Ah, the ruined Christmas gift. No better way to sabotage your own built-up magic spirit of the holidays than tampering with the biggest most wanted item on your list. I was about six or seven when I began to get to the bottom of this Santa break-and-enter gimmick. As each year went on, the more cognizant I became of the sneaking around my mother, grandmother, and aunt were doing during the weeks leading up. My senses became Santa sharp. I remember starting to spot cover-up Christmas things my family was doing to paint the most perfect backdrop to a wonderful holiday to come. Welcomed, only I was on to them. I became keener on hearing Christmas code conversations that filled the cookie-baking nights of my grandmother’s kitchen. I knew, but the cookies were too delicious. And, one day, which turned out to be the beginning of the end of my belief in a man called Santa, was when I found peace a la resistance. I found the Holy Grail of childhood Christmas holiday wonder. I found the notorious and infamous gift hiding place. Yup, with all those skills I had acquired, and with all the determination of a kid destined to ruin the only magical wonder he would experience in his life, I went ahead and spoiled my very own Christmas with one too many tears in the gift-wrapping.
You see, once I figured out where the gifts were being hidden, which was in the attic through a small hole in the ceiling. For a few nights in a row thereafter, I would jump up through the tiny hole using the help of my cousin’s shoulder and a weight-bearing doorknob, squeeze my seven-year-old body up in the dark abyss of the creepy attic and sit on the lip of the opening. When my eyes adjusted enough to see shadows, I began to feel around for presents. When I found one, the plan was to make a small tear in the wrapping paper. Just a teeny one, enough to reinforce your guess as to what it was. Only, we had one rule. My cousin and I decided that if we were going to do this, that it would have to be for only one special gift. “The” gift. The one we asked for the most. The one we wished for. For me, it’s the one pictured below. The 1983 Gobots Command Center. Oh boy, looking at that photo completely transports me to that Christmas. Memories rule!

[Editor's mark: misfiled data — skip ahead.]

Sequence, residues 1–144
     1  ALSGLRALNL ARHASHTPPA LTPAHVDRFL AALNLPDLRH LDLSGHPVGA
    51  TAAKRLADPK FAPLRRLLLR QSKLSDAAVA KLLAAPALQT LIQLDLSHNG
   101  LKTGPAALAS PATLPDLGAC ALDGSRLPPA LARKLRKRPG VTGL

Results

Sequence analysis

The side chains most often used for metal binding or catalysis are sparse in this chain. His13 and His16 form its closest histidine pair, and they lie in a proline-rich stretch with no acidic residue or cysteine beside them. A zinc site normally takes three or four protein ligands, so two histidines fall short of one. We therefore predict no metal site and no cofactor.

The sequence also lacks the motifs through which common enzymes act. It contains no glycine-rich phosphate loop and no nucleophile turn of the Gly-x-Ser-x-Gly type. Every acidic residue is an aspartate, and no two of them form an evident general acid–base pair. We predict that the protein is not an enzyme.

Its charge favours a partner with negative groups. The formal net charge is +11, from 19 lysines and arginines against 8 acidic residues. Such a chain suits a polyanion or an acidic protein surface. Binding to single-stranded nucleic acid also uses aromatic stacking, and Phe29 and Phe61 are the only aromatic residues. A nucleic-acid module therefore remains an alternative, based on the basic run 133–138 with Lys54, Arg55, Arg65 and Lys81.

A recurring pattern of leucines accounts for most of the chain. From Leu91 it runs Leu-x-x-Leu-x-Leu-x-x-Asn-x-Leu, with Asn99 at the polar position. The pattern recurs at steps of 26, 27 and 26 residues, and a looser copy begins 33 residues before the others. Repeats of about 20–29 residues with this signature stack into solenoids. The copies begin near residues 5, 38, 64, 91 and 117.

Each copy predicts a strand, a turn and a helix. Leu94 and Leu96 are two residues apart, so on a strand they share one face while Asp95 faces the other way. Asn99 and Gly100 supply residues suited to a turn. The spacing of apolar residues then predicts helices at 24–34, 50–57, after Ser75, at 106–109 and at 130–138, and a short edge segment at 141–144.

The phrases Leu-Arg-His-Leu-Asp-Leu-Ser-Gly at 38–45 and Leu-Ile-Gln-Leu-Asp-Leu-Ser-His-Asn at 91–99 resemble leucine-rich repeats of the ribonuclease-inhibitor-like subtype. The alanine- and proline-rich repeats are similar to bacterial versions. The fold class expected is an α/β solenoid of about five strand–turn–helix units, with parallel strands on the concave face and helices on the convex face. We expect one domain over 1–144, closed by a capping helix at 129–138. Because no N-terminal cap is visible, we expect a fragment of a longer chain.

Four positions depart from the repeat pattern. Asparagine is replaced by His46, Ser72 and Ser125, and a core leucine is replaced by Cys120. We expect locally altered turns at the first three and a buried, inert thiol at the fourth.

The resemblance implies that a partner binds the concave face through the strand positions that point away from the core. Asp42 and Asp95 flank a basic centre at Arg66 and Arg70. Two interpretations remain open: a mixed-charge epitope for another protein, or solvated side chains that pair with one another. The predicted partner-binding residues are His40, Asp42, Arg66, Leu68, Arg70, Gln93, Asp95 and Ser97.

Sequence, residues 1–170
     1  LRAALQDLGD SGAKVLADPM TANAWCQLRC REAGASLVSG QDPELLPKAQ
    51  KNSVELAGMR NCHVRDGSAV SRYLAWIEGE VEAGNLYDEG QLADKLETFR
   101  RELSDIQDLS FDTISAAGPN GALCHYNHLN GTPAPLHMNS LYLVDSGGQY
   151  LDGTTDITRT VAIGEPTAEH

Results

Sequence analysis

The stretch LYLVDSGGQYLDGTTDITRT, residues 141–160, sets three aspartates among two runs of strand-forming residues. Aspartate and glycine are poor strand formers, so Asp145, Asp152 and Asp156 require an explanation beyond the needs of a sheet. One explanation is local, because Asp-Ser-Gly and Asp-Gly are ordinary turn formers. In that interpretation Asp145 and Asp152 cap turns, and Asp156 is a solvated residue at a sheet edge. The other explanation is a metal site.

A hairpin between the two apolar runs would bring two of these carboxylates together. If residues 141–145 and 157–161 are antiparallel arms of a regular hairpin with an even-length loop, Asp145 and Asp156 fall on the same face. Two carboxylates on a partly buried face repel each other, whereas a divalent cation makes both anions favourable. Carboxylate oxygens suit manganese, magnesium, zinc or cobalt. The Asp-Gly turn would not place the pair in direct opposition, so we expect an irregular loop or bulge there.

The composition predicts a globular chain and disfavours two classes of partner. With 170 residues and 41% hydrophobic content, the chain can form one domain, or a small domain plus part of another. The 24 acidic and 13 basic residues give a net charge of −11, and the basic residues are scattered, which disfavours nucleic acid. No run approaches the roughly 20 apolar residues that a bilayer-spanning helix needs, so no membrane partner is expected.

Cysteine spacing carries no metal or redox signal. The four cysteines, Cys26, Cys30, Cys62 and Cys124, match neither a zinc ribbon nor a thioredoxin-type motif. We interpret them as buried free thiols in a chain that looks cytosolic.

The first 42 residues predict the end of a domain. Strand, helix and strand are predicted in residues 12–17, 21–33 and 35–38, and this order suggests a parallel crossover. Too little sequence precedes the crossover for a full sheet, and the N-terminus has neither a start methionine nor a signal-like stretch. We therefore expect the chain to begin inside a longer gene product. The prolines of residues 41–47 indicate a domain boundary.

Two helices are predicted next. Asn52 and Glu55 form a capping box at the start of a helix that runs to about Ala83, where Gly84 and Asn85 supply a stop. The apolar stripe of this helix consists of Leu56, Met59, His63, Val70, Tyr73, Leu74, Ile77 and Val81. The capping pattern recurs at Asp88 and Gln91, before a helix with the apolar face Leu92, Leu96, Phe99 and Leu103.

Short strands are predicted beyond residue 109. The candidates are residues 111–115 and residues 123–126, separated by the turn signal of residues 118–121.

Well, I found that box that contained that toy and did go through with the plan. I made the initial tear that first night in the beautifully wrapped gift with my name on it, a small one. Looked like an accidental other gift rub up against. No one would even blink at it. It was not enough, couldn’t see anything. The next night, I pulled the paper some more. Still, I could see nothing but the rip was barely noticeable. All good. Finally, on a night with only one adult present in the house, I got too carried away with the suspense and pulled a lot. Too much. Oh my God, I’m dead. I made a tear alright, a huge one. A parent noticing ripper. And, on top of that, at that very moment, at the same soul-crushing time, I confirmed I was, in fact, getting probably the most memorable gift of my childhood. Instantly, guilt warmed me over. What had I done? There were still four or five more days until Christmas. Stupid. Plus, at some point, I had to fix the “jig is up” wrapping debacle. Oh, Ash, you idiot. Not only have you ruined your surprise, but you also foiled the mystery of gift-giving. To add pepper to that, you did something not nice to something your mom, grandmother, and aunt worked really hard to purchase and to hide from me and my cousin in persevering the spirit and magic of Christmas. Shame on me, right? Trust me, I learned a very tough lesson that year. Never again will I ruin Christmas. But in the end, all was well. I did manage to fix the torn paper after the reveal and before that faithful jolly night, and in the end, the gift did still turn out to be my best-given gift as a kid. Even if it wasn’t from Santa. Wink, wink!
How about you? Ever ruined a Christmas by taking a taboo peak? Accidently blurt out a secret Santa swore you not to tell? Let me know in the comments. Remember, Christmas is something that can forever remind us that magic exists, we just have to stop being stubborn and believe!